County Chairman Tim Lee said he only wanted to include the projects that could be completed by the time the ballpark opens in 2017.
“On the list of transportation projects, we only wanted to include those projects that we believed would be finished by the time they opened up in three years,” Lee said. “There’s too many questions as to the future of the BRT program, we thought we would take that off because we didn’t want that on there and people thinking that we were promising we were going to do it.”
The county’s $1.8 million “Northwest Corridor Alternatives Analysis” study led by Marietta-based Croy Engineering in September 2012 recommended building a $1.1 billion bus system connecting KSU with Midtown. The county is paying Cary, N.C.-based Kimley-Horn and Associates $3 million for an environmental study of that proposed bus route, which Lee expects to be finished this spring. That study will determine whether the system is economically and environmentally feasible, Lee said.
An issue for the governor’s race
Pollster and political consultant Matt Towery gave a radio interview last week predicting the new stadium had the potential to become a hot button issue in the governor’s race since permission to build an entrance/exit ramp for the ballpark site onto state or federal roadways would involve the Georgia Department of Transportation.
The MDJ asked Mike Plant, executive vice president of business operations for the Braves, if he would be seeking any such ramps for his 60-acre site from the state DOT.
“We haven’t had those discussions yet, but I think the governor said a couple of weeks ago, ‘Look, when you start looking at a facility that has millions of people coming through, it doesn’t matter where it is in the state, that’s something that GDOT engages in those discussions.’ So you know, I’ll probably refrain my comments about guys like Matt and others that seem to have answers about how to run our business without ever talking to us,” Plant said.
Lee also weighed in on Towery’s remark about transportation access to the new stadium involving the governor’s race.
“I don’t agree with that at all,” Lee said. “285, 75 and 41 are all state highways or federal highways with state responsibility or they’re state property. When we make our improvement we’re going to have to work with the state because it’s their assets, but it’s not going to be an issue that’s going to rise to whether or not it’s in the governor’s race.”
Lee described the transportation improvements to be made around the stadium site as similar to any project the county works with the state on when making changes to state properties.
The question of whether an access ramp for the stadium will be connected to the tolled managed lanes along I-75 that are set to open in 2018 is as yet unanswered, he said.
“We haven’t studied it, but conceptually, would it make sense to have the folks coming north in the p.m. peak, if they come from Atlanta and they want to go to the game, they’re most likely going to have multiple people in (the car), is there a way just a thorough process for them to get access directly to the stadium if they’re in the managed lane?” Lee asked. “It’s a question that needs to be asked. It would be a question (candidates for governor) may have to answer, but I don’t think it’s going to make or break the governor. That’s a routine issue that comes up all the time with economic development projects — just like when they built the Kia plant, the Caterpillar facility. I’m sure the state got involved with roadway projects there as well and it’s just a matter of routine. I think people are trying to make hay out of something that isn’t.”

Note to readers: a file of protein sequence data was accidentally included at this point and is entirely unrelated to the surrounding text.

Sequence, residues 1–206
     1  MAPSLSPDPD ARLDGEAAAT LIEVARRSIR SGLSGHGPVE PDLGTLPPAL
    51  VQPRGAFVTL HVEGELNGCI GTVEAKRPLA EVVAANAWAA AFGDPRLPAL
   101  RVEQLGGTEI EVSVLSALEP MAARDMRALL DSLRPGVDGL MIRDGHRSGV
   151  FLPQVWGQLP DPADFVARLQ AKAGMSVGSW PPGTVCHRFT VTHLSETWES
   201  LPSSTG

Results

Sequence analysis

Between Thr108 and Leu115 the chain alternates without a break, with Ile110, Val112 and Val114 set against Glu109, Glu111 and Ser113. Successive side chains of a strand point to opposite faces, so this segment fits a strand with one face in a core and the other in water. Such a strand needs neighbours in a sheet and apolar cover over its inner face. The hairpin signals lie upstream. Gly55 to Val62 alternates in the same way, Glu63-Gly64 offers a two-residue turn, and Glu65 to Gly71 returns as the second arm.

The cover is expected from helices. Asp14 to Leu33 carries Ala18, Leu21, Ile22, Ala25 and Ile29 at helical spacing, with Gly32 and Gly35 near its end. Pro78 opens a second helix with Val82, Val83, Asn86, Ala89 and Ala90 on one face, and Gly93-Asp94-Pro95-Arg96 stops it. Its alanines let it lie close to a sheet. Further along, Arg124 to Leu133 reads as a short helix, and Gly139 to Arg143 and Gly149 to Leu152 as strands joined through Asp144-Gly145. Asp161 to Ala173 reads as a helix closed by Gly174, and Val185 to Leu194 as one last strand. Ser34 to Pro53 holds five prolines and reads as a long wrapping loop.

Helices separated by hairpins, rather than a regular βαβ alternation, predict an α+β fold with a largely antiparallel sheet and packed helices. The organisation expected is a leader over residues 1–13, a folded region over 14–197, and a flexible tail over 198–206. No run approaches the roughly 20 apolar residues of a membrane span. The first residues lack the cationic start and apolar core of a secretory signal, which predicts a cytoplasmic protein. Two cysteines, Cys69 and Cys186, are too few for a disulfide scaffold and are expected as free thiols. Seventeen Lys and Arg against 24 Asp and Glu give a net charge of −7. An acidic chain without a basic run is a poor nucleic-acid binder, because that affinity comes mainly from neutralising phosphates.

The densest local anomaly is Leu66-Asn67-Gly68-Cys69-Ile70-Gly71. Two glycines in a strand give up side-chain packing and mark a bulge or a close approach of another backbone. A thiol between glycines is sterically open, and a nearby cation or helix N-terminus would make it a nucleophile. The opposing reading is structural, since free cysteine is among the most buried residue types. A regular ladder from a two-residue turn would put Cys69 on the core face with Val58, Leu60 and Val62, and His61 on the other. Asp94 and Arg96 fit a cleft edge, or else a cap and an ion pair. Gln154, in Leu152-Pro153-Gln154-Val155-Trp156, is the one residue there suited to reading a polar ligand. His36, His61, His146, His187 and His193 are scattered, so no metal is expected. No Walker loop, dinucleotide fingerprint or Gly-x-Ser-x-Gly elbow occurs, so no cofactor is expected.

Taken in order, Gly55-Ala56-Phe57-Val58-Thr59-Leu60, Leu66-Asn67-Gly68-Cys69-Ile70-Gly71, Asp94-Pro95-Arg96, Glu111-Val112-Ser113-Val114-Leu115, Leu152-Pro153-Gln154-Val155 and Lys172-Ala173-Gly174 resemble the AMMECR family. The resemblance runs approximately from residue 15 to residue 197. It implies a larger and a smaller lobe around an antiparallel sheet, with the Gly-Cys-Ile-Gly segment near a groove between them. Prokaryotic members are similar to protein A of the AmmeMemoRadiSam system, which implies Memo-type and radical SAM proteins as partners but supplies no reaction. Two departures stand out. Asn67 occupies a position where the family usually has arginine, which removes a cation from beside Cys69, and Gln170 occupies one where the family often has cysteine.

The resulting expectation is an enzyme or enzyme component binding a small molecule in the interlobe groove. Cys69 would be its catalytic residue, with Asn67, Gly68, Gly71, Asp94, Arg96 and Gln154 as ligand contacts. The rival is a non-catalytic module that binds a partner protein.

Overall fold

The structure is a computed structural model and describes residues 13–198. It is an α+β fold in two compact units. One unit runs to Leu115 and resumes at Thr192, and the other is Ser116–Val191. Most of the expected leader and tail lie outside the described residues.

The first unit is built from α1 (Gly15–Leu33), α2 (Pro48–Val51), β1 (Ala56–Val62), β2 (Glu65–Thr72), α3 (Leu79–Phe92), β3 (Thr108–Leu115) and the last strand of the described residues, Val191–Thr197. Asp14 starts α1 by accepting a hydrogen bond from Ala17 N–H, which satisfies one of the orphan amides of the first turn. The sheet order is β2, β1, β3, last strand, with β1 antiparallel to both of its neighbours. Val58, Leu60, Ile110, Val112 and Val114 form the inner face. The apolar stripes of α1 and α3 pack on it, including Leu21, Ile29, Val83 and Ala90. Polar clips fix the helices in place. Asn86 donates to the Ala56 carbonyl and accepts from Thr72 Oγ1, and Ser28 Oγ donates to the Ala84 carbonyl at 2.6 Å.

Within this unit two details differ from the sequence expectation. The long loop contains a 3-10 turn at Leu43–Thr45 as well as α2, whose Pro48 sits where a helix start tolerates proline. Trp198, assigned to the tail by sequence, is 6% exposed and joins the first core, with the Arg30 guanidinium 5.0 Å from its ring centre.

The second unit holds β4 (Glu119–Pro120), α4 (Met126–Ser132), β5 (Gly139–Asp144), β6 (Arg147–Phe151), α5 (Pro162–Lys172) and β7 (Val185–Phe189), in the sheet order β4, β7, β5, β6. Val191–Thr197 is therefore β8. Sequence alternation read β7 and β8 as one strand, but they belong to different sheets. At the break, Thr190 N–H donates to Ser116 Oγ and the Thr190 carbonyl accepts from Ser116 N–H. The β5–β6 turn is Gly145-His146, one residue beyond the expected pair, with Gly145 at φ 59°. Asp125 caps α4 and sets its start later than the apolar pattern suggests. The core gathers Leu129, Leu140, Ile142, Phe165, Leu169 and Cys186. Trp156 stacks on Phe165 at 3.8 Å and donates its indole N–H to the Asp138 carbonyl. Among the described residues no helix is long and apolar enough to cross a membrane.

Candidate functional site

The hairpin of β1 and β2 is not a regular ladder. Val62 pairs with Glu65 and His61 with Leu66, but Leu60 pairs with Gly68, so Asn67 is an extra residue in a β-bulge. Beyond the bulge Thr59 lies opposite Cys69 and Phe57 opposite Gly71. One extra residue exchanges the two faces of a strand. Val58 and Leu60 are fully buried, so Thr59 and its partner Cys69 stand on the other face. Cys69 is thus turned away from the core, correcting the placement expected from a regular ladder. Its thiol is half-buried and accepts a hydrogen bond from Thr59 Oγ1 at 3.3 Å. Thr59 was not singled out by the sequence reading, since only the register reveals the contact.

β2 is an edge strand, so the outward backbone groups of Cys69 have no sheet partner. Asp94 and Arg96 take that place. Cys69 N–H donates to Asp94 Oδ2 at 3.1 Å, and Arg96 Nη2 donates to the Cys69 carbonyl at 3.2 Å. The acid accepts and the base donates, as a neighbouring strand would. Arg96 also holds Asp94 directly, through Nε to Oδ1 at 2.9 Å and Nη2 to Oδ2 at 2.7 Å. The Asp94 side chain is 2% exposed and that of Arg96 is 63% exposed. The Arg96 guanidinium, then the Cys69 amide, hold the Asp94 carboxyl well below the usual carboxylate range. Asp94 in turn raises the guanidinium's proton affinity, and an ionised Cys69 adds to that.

Lee said he is waiting for a site plan of the stadium development to help decide how to proceed.
“I think we ought to wait for when we have a site plan that’s more specific as to what they want to put what where, and then we’ll sit down and do a transit plan after that,” Lee said. “I would imagine the next three to six months that would be determined.”
New site more accessible despite lack of MARTA rail During a press conference following Tuesday’s vote by the Board of Commissioners, Atlanta columnist Maria Saporta spoke of the distance the Cobb stadium would be from MARTA.
MARTA pays the columnist’s “Saporta Report” website to provide “thought leadership.”
Braves Executive Vice President of Sales and Marketing Derek Schiller answered by saying, “As it relates to the rail options, I think that’s a question for Cobb County. Obviously, they reference the BRT and some of the changes that were made as it relates to the MOU tonight. The greater question and what you’re really asking about is access to the site. And access to this site is far improved to Turner Field.”
Schiller referenced the “heat map” that shows where most ticket buyers come from to attend Braves games.
“Obviously, we’re moving 12 miles up the road closer to the majority of our ticket buyers and couple that with major increases in the ingress and egress to the site, we’re of the belief and lots of others have had input into this that access to this site will be better than it is to Turner Field,” Schiller said.
Plant said there’s been some “traffic and transit alarm” concerning the impact the Braves would have on the roadways.
“I heard tonight about parking,” Plant said. “We have 6,000 parking spaces that we’re currently developing that we’re putting into the stadium footprint. There’s another 30,000 parking spaces around the Cumberland area. We are in very positive lease discussions to lease parking spaces. And we will have parking leases that will far surpass the parking we have at Turner Field.”
Consider, too, that next year, the Braves have 45 games between Monday and Thursday, Plant said.
“So I think you’ve got to keep things in perspective here,” he said. “There’s a certain faction out there that wants to promote doom and gloom of traffic. That is not a year-round proposition by Braves baseball.”